Most people do not realize that these two questions are the greatest mysteries in science, because it is assumed that a) the universe is made of atoms and subatomic particles, and b) the brain produces the mind, or consciousness. Yet if we look without rose-tinted glasses at these assumptions, they have no scientific foundation. Of course atoms and subatomic particles exist, but they are not the ultimate things that make up the universe. Solid, substantial matter vanished with the quantum revolution over a century ago, and contemporary physics stands baffled at the threshold of a world that precedes and underlies the quantum world. From this unknown domain emerged the big bang, and at this very instant every subatomic particle winks in and out of the same region. Continue reading

Better than Before: Follow Your Gut (DIY Healthcare Tips)

Health-Tips-1One would think that, as a confirmed hypochondriac, I would run from doctor to doctor trying to get a diagnosis for whatever symptoms, however mild, I happen to have. But even though I work closely with the medical community in my role as a health columnist, I seldom, if ever, visit any of them for personal reasons. The problem is that, as is well-documented, the mere sight of a white coat can increase your blood pressure. And then I could have a stroke!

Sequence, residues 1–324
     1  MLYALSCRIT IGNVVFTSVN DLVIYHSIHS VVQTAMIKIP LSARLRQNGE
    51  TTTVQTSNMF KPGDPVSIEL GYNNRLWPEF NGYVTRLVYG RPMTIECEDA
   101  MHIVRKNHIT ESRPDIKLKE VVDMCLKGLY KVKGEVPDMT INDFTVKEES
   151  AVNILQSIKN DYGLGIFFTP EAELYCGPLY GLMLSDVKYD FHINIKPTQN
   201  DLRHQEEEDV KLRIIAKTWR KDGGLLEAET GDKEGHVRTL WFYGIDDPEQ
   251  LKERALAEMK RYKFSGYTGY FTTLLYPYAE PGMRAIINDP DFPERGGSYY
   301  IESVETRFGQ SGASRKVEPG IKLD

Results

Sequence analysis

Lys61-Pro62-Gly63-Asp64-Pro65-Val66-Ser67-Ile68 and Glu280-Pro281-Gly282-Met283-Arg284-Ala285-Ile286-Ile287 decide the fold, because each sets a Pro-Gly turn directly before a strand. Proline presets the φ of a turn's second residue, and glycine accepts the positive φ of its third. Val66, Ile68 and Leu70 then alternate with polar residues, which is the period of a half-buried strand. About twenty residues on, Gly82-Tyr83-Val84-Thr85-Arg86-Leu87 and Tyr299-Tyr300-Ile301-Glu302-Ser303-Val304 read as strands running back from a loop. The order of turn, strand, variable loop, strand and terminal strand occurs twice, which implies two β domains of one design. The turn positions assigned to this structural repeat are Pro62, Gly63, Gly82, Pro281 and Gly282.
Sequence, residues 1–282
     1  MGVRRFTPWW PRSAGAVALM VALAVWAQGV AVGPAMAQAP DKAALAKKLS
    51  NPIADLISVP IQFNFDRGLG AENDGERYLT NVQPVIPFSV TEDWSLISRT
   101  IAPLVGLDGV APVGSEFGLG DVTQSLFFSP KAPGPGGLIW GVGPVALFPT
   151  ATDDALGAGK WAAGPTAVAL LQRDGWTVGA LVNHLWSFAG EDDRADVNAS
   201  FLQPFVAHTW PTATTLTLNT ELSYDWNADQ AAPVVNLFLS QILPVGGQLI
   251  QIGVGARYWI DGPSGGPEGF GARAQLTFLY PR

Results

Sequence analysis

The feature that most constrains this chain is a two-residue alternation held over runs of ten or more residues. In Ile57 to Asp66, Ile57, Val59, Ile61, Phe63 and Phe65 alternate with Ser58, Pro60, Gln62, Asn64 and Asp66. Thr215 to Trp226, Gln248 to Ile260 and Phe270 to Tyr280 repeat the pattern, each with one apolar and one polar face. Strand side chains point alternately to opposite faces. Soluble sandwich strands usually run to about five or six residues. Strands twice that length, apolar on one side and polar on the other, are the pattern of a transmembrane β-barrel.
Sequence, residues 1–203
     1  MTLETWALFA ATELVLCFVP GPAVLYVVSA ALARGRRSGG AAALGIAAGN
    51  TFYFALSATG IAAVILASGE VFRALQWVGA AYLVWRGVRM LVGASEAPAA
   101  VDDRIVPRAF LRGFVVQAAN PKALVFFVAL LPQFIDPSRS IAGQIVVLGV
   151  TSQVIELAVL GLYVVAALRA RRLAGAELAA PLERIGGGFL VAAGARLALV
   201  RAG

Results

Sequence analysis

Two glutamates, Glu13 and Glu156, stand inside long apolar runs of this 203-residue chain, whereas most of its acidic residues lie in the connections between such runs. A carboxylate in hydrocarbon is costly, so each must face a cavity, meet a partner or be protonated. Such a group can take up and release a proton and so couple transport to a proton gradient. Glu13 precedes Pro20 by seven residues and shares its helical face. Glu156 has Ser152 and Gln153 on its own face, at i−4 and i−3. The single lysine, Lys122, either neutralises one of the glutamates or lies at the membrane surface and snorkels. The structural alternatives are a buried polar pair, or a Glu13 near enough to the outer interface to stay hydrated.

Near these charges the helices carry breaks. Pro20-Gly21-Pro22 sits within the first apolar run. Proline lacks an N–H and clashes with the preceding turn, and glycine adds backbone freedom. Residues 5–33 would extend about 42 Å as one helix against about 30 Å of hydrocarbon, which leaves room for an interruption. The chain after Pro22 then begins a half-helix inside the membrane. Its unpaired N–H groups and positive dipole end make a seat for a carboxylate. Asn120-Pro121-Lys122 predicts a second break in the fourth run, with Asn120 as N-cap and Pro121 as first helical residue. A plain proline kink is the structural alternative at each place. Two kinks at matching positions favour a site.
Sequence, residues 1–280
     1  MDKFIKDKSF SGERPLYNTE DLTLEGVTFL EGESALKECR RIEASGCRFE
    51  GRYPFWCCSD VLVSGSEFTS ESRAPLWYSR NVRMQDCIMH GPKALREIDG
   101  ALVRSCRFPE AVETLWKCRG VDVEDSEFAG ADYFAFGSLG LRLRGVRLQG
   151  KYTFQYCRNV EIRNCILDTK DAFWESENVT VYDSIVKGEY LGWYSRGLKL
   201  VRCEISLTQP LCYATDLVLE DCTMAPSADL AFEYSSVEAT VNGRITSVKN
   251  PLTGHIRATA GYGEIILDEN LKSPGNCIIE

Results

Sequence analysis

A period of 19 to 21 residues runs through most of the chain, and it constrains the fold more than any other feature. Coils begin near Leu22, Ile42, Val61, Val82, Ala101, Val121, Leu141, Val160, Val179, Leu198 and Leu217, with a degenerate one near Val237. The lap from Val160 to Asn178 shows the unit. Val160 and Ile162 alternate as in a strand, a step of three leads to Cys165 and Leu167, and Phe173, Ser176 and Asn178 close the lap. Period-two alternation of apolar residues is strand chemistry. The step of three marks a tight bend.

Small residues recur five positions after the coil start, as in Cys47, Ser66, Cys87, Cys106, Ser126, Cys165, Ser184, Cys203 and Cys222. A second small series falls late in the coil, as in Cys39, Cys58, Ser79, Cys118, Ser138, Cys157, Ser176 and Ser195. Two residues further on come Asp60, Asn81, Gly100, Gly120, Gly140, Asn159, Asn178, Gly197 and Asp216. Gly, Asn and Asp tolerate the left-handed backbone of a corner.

Through it all, though, I have learned to listen to my gut. (Except, of course, when I have indigestion from kale overload!) And while I do take the advice of the renowned doctors I interview for this column and on my radio show, I am also my own healthcare adviser.  Furthermore, I suggest that my readers research and learn everything there is to know about the disease or condition for which they are currently seeing their physicians.  That’s what being Better Than Before is all about. I am all about DIY healthcare advice – the more you know the more you’re prepared.

To that end, I recently discovered a book by Julia Schopick, Honest Medicine: Effective, Time-Tested, Inexpensive Treatments for Life-Threatening Diseases. In it, she tells of her 15-year journey through the American healthcare system, from the time when her husband, Tim, was diagnosed with a cancerous brain tumor until his death, fifteen years later. As she puts it, “For me, this journey was a lesson in learning to listen to my gut when listening to doctors isn’t enough. It is now my mission to help others do the same.”